A real estate contract may include contingencies, or specific conditions which must be met, before the transaction is complete. Both the buyer and seller may write contingency clauses into a sale agreement. A buyer misses out on buying another property when he commits to purchase a home. Likewise, a seller misses out on other offers when he accepts an offer. As such, both parties can cancel an agreement when contingency periods are not met and may seek damages.
A seller may stipulate certain events that must take place before he agrees to follow through with the sale of his home. A common home sale contingency is that of finding suitable housing. Sellers who plan to use proceeds from the sale of their home to buy another house might make the sale contingent upon their entering into a contract for a new home first. Sellers may require that buyers close a few days before closing on a new home or concurrently, so sellers aren't left without housing for any period of time.
Buyers usually write loan, appraisal, insurability and inspection contingencies into their contracts. A loan contingency states that the buyer has a certain amount of time -- usually two to three weeks -- to obtain a loan commitment from a lender. Because lenders require a home appraisal, which reports the home's condition and value, the two contingencies typically go hand-in-hand and must both be met in order to close. The buyer also may ask for time to confirm that the home qualifies for title insurance and hazard insurance coverage. He may also ask for a few days to inspect the home and research the community, its rules, taxes and other details.
At the end of a contingency period, the seller and buyer must release or remove any respective contingencies, showing that they are ready to move forward with closing. Contingency release is a contract duty the buyer or seller may be held to. A buyer's earnest deposit, also known as the good faith deposit, is usually tied to contingencies. A seller may cancel the deal and keep all or a portion of the deposit as damages if the buyer fails to get a loan or backs out after releasing his contingencies. Likewise, the buyer may legally pursue a seller for damages if he decides not to sell the home after releasing sale contingencies.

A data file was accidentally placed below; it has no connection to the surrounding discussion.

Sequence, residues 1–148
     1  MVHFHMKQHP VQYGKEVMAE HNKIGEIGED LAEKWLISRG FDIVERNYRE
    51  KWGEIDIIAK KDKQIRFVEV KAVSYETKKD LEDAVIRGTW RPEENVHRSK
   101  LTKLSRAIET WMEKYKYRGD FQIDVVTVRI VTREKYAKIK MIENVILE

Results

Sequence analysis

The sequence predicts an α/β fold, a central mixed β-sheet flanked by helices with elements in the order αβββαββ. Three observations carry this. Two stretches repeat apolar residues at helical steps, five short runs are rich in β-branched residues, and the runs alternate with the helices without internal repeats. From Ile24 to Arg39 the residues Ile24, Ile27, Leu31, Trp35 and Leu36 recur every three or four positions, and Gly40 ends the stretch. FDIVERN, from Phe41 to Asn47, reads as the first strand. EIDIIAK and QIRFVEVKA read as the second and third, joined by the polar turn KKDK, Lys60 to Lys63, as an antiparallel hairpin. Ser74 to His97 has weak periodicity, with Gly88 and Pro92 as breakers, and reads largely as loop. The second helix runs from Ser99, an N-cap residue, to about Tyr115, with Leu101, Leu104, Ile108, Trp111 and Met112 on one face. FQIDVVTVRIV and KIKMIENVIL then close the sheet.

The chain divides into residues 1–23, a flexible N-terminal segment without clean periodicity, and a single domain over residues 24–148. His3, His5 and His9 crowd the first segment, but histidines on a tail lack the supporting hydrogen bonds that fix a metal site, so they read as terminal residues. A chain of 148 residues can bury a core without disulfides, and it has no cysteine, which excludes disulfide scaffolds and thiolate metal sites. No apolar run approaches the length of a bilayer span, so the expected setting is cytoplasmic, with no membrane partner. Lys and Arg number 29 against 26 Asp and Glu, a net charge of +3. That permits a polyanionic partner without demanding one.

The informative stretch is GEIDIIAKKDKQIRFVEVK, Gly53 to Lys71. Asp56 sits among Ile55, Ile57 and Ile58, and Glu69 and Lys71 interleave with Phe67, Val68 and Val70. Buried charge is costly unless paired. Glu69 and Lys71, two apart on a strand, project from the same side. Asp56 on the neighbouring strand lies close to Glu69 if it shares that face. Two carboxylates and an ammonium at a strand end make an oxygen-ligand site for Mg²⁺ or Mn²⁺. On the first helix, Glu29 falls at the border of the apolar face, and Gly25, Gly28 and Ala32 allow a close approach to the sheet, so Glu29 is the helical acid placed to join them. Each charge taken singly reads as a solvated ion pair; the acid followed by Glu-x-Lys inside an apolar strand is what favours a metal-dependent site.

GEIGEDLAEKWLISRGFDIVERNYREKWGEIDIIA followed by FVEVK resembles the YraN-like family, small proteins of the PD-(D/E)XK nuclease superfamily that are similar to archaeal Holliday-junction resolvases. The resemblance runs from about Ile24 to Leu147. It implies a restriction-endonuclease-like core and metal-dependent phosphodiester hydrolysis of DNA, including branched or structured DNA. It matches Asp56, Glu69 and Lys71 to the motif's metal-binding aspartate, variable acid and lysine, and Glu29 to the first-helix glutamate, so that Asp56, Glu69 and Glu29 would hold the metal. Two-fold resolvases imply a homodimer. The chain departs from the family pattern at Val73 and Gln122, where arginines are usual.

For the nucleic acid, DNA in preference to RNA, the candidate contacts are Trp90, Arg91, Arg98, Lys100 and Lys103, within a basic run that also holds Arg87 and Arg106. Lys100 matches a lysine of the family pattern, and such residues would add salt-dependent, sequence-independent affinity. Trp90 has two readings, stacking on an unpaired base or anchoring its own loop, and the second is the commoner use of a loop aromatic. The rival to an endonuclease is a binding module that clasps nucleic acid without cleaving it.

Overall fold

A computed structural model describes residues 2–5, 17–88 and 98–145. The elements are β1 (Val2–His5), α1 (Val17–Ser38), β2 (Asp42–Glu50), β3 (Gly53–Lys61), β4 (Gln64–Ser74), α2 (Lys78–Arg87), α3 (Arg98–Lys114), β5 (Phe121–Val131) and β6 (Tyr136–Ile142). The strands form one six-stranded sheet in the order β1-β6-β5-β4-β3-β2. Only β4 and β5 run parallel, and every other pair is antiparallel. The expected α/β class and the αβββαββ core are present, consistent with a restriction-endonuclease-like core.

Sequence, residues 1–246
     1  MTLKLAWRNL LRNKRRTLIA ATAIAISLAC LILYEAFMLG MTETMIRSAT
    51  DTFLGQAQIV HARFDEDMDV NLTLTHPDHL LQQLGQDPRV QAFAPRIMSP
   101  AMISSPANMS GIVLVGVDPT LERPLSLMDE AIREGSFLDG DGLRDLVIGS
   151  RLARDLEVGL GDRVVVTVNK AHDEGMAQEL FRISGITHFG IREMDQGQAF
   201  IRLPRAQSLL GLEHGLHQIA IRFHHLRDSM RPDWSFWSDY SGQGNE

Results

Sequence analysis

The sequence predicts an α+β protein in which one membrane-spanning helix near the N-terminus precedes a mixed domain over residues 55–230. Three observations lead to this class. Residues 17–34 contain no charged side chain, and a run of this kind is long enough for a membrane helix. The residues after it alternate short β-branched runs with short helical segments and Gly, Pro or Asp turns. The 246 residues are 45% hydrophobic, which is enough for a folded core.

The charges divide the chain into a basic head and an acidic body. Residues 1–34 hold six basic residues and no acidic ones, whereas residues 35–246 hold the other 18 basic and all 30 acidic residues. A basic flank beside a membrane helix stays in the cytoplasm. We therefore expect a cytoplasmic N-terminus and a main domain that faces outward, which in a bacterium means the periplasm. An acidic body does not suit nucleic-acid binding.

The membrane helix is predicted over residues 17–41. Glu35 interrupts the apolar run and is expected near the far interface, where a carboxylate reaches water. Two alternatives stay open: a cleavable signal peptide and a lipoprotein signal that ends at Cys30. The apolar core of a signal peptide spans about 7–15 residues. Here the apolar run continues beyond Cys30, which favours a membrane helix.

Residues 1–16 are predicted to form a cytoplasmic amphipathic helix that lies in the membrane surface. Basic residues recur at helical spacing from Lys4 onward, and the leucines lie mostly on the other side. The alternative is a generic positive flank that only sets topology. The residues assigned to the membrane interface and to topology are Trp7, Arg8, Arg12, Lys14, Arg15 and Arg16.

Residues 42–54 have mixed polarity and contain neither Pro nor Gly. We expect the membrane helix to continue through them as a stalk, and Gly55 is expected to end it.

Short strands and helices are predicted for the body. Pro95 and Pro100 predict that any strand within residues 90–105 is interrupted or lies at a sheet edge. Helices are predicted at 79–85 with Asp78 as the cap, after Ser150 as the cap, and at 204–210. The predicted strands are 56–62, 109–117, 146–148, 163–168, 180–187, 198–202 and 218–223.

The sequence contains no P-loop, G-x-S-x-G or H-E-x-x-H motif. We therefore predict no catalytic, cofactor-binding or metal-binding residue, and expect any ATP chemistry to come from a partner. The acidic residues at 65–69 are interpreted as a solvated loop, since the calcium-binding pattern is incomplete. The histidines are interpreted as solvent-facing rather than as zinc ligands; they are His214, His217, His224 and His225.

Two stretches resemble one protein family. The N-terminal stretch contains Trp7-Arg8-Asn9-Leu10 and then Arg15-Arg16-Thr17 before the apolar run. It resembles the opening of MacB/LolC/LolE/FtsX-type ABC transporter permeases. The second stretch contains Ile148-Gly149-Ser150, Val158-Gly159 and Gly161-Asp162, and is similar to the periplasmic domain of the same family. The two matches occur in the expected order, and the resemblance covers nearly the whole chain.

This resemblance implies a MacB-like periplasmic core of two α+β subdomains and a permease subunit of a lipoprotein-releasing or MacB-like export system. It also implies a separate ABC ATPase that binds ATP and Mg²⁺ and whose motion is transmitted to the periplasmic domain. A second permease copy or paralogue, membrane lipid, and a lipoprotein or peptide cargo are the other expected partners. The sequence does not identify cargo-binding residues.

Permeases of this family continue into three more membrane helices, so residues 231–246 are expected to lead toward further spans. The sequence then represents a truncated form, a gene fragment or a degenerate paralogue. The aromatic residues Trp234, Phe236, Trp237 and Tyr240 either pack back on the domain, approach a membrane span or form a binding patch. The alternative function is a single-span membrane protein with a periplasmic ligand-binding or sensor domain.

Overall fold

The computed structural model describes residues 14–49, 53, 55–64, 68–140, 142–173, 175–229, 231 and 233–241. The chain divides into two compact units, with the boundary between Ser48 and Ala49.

Buyer and seller contingencies can create a chain effect in the purchase and sale of homes. For example, the buyer of a home can make the sale of his previous home a closing contingency; while the seller of the home he wants to buy may also have a sale contingency for finding suitable housing. When buyers and sellers have simultaneous closing and sale contingencies, multiple deals can fall through due to just one kink in the chain. This often makes buyers and sellers with closing and sale contingencies less appealing.
K.C. Hernandez has covered real estate topics since 2009. She is a licensed real estate salesperson in San Diego since 2004. Her articles have appeared in community newspapers but her work is mostly online. Hernandez has a Bachelor of Arts in English from UCLA and works as the real estate expert for Demand Media Studios.